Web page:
Seven reasons to follow international racing

Profile Picture: Kellie Reilly

November 25th, 2014

For the casual fan who's getting more involved in the racing scene, taking the plunge into international waters might seem daunting. But it's never been easier to follow the sport globally, and you'll be rewarded on a number of levels.

This is as good a time as any to jump in, with the Japan Cup coming up Saturday night U.S. time and the Hong Kong International Races on tap December 14. Then after the holidays, it's Carnival time -- Dubai World Cup Carnival, that is, kicking off January 8 and culminating in the March 28 extravaganza of World Cup night.

Here are seven reasons to spark your motivation:

1. All-time great champions. The world stage has been graced by some magnificent specimens of the Thoroughbred in recent years, and it's been a privilege to watch from afar the likes of Dubai Millennium, Galileo, Montjeu, Makybe Diva, Deep Impact, Sea the Stars, Black Caviar, Treve and Frankel. (Apologies to all the other worthy candidates I've left out, but this is dashed off the top of my head). If you get chills seeing superb horses flaunting their class in the best races, and savor those "I saw it live" moments, then international racing is tailor-made for you.

2. Stimulating variety. Unlike North American racing, which can be monotonous with similar track layouts and fairly typical distances, international racing offers unique course configurations and a vast distance spectrum. Left-handed or right-handed, flat and spacious or turning and undulating, gentle bends or sharp curves, level or uphill finishes, lengthy straightaways or relatively shorter dashes to the wire -- there are courses with contrasting features that suit some horses better than others. And if you love history as much as I do, it adds yet another layer of local texture. Horses have been racing over some of these sites for centuries, and in the case of the Curragh, for millennia.

3. Panorama of festivals. Wherever you are on the calendar, it's peak season somewhere: from South Africa's Cape summer season in January, to the Dubai Carnival, Australia's Championships, the spring classics in Europe and Japan, Royal Ascot, Argentina's "Estrellas" card, Newmarket's July Meeting, the Durban July, Glorious Goodwood, the Ebor Meeting, Deauville, Irish Champions weekend, Arc weekend, British Champions Day, the Spring Carnival in Melbourne, Japan's Autumn International, the Hong Kong International Races. And that's not even all.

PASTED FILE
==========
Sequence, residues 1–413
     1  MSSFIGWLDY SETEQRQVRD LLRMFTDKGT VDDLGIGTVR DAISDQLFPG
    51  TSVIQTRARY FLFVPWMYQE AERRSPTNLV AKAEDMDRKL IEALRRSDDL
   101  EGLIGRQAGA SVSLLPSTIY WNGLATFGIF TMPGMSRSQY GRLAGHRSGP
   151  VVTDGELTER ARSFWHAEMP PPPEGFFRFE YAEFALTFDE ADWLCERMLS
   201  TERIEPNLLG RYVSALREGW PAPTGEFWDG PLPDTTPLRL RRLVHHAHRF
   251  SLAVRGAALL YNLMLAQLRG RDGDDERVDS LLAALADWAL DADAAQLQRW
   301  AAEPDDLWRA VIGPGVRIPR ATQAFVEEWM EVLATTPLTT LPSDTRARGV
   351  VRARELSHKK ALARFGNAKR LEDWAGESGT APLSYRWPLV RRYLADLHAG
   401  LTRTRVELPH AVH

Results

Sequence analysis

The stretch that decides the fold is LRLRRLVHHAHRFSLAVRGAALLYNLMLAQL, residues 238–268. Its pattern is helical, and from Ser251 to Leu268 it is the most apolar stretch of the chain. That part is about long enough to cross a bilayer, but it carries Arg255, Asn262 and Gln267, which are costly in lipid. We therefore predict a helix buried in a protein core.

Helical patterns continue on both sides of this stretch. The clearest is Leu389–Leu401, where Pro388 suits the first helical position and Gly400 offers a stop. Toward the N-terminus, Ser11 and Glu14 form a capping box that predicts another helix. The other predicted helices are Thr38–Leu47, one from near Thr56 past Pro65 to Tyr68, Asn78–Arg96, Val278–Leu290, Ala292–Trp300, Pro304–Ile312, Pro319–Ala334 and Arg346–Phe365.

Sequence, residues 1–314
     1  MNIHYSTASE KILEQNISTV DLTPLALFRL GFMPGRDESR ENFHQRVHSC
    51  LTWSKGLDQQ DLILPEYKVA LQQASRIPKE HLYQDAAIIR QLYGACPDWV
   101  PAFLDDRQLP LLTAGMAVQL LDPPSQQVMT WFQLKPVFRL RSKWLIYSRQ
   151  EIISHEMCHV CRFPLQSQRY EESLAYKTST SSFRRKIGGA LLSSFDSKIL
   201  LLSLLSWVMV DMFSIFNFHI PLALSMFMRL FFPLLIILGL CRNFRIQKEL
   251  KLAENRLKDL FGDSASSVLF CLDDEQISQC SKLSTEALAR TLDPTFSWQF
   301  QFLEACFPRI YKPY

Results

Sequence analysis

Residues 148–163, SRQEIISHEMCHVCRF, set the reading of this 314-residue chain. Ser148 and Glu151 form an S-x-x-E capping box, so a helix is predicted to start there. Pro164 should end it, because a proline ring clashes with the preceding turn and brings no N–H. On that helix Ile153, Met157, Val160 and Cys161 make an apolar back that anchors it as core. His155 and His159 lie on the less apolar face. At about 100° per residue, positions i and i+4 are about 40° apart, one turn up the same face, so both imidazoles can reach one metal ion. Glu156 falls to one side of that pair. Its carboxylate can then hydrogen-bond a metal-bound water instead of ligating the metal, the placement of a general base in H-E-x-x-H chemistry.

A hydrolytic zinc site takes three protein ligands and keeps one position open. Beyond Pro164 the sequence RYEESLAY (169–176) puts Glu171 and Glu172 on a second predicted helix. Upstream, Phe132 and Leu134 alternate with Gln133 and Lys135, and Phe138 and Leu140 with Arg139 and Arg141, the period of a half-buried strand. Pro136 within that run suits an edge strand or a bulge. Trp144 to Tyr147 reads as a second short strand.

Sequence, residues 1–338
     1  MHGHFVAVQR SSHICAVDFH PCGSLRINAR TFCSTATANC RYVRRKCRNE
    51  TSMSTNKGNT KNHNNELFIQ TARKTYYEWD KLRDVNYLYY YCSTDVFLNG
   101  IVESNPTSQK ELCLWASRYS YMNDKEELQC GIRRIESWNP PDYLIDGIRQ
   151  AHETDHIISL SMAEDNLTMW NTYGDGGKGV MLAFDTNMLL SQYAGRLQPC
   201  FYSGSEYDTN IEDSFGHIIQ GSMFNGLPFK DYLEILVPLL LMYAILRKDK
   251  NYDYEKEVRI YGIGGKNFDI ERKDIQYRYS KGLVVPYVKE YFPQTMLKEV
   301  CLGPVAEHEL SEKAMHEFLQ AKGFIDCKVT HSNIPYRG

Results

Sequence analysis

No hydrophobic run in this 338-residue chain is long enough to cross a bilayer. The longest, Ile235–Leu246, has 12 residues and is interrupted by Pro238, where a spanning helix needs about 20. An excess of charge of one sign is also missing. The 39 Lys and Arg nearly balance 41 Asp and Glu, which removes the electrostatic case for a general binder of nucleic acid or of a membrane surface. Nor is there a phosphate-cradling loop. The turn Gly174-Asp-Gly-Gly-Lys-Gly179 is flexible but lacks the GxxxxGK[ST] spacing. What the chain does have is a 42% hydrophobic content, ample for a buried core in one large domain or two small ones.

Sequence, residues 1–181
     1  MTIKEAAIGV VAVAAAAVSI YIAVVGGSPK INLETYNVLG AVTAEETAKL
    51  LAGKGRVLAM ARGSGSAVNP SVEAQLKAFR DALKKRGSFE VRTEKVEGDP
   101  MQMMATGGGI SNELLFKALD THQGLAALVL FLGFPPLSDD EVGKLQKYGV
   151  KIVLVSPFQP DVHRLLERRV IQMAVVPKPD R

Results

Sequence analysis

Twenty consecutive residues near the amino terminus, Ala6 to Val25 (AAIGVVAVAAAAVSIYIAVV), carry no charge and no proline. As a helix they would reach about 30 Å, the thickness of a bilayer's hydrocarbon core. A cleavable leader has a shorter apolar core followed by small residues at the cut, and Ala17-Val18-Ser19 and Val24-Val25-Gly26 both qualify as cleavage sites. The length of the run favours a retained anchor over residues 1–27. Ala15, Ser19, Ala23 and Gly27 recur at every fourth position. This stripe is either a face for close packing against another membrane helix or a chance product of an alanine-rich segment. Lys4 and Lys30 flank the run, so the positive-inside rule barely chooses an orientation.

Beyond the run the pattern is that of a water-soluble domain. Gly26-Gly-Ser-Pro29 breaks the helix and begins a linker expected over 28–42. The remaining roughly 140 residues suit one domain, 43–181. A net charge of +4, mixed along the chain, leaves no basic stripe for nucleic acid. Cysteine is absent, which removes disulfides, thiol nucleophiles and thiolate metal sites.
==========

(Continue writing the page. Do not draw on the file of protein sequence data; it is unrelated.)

4. Readily available information. Fans can find an unprecedented amount of information available online to help with homework. News, race replays, and records are accessible for just about every racing jurisdiction. Of course, for a handy guide, stay tuned to's Handicapper's Edge -- and this blog -- for analysis of the leading players in the marquee international events.

5. Globalization of the sport. Horses routinely ship around the world for big races, so time spent watching or studying a major international race is never wasted. Instead, it is a great advance preparation for future races. For example, a few of the horses you watch on TwinSpires in Japan this weekend could well show up in Dubai, England or France later in the season. And whenever any prominent internationals ship in for our Grade 1s, you'll be way ahead of the game.

6. Actionable intelligence. The more familiar you get with the international scene, the more confident you'll become in forming opinions, and translating them into winning wagers. Many times, there's great value on offer, and you'll be able to recognize and take advantage of it. That opportunity could just as easily come in a U.S. race, where the foreign horse won't look so foreign to you. Even if you don't know that import directly, you might well recognize his company lines, the types of races he's been competing in, the courses he's liked or disliked, and his former connections.

7. Community of fans. As with our other favorite pastimes, social media has revolutionized how fans experience racing, both domestic and international. Twitter, for instance, provides a tremendous forum to interact with racing personalities and fellow fans. You can ask questions, compare opinions, and react together in real time as the race unfolds. That kind of community support can be particularly helpful for the international side, making it easier to bridge the divide and more enjoyable to get involved.

So if you haven't made bold to try international racing, come along on a grand tour!